I became the official bathroom monitor today at Lake Anza in Berkeley’s Tilden Park. Swim season is over; there are no lifeguards, entry fees, or snack bar and the lakeside entrance to the restrooms is closed for the season. The overhanging roof by the restroom entrance provided me a nice shady spot to paint but it meant that people kept walking up looking confused (and sometimes a little desperate) when they saw the locked door behind me.
I’d already found an entry to the bathrooms outside the swim area, around the back of the building so about every 15 minutes I told worried people how to find the restroom. I got to help nervous little girls, a group of German tourists, cyclists in shiny shorts, tan teenage girls in tiny bikinis, a hairy man wearing a huge gold necklace and Speedos, a picnicing Mexican family, a group of adults pushing a very ill teenage girl in a wheelchair hooked up to breathing tubes and tanks.
The latter group decided to set themselves up at a picnic table directly in front of me but when they realized they would be blocking my view, they picked up the huge table and moved it. The amazing thing about painting plein air is that people are so nice. Everybody who takes a peek always says something complimentary, even if the painting is total crap. And then they tell you about their [aunt, brother, friend, grandmother, etc.] who paints really good paintings, or how they can’t draw a straight line.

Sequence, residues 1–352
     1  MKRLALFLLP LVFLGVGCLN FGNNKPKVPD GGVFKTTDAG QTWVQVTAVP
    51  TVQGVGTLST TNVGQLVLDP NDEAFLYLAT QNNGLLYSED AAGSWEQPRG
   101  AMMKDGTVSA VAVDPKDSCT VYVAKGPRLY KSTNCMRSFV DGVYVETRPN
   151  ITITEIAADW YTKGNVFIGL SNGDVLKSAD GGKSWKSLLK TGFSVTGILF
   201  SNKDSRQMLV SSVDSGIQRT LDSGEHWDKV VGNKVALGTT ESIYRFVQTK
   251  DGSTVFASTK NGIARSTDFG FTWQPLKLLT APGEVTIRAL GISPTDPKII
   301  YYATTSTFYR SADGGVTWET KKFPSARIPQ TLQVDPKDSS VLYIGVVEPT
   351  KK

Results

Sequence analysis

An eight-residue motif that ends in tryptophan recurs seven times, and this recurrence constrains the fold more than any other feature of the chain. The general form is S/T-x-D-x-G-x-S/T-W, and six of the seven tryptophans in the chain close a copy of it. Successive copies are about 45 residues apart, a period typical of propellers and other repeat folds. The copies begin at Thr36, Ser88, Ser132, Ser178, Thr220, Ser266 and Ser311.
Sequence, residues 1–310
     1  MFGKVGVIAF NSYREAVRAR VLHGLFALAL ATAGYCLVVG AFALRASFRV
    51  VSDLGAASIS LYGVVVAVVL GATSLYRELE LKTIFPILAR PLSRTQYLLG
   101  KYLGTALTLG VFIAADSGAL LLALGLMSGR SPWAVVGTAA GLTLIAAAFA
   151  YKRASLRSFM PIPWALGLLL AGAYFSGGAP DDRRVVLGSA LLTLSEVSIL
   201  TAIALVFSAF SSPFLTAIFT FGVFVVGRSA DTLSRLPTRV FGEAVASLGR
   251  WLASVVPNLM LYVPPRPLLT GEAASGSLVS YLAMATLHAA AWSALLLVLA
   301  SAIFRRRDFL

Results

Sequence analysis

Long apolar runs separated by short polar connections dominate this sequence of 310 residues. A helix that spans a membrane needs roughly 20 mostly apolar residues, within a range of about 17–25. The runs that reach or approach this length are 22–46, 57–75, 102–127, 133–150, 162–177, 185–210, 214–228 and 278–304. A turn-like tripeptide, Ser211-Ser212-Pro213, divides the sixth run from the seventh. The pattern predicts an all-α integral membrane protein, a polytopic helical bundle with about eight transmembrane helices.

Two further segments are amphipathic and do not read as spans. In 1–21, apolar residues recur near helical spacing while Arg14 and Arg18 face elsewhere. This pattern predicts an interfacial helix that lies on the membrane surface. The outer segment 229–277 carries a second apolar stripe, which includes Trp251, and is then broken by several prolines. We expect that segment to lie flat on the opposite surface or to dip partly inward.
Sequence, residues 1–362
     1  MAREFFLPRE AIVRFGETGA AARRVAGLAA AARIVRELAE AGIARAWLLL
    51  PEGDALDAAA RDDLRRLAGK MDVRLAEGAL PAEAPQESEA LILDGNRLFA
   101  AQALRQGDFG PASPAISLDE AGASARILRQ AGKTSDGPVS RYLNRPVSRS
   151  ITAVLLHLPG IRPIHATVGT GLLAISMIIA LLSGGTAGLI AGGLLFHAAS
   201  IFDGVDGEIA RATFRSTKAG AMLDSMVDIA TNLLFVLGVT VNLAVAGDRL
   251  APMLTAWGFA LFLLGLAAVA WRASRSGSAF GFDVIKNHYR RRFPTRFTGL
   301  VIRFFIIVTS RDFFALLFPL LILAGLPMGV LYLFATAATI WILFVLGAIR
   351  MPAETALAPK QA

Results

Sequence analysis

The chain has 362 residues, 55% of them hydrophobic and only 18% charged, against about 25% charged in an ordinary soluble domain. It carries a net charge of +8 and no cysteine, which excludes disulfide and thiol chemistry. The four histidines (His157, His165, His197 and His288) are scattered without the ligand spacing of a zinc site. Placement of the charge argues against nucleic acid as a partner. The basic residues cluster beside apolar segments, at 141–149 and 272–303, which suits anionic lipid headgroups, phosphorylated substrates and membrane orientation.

As the day grew warmer more and more people arrived, my original concept for the painting of an empty lifeguard stand on a deserted beach didn’t make much sense. So when this dad and little boy walked by I jumped at the chance to try putting people in a plein air oil painting. I also had an intention to focus on warm/cool color temperature relationships.
I struggled with the water — it kept looking like a meadow. The other painters in my group painted the water in variations of light blue-green and suggested I do the same to solve the problem. But I saw almost no blue in the water. It was gold and green and purple and orange and pink. Then every once in a while a breeze rippled the surface and a bit of sky blue reflection appeared.
After the critique I returned to my easel, painting and repainting the water for two more hours but by then the light had changed so much from when I arrived that I finally called it done and went home.
Here’s the photos of the morning and afternoon views of the same scene.